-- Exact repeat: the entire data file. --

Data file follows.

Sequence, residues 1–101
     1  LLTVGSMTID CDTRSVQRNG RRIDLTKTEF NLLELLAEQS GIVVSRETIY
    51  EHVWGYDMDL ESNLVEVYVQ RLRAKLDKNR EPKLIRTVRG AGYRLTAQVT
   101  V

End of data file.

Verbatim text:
Sequence, residues 1–101
     1  LLTVGSMTID CDTRSVQRNG RRIDLTKTEF NLLELLAEQS GIVVSRETIY
    51  EHVWGYDMDL ESNLVEVYVQ RLRAKLDKNR EPKLIRTVRG AGYRLTAQVT
   101  V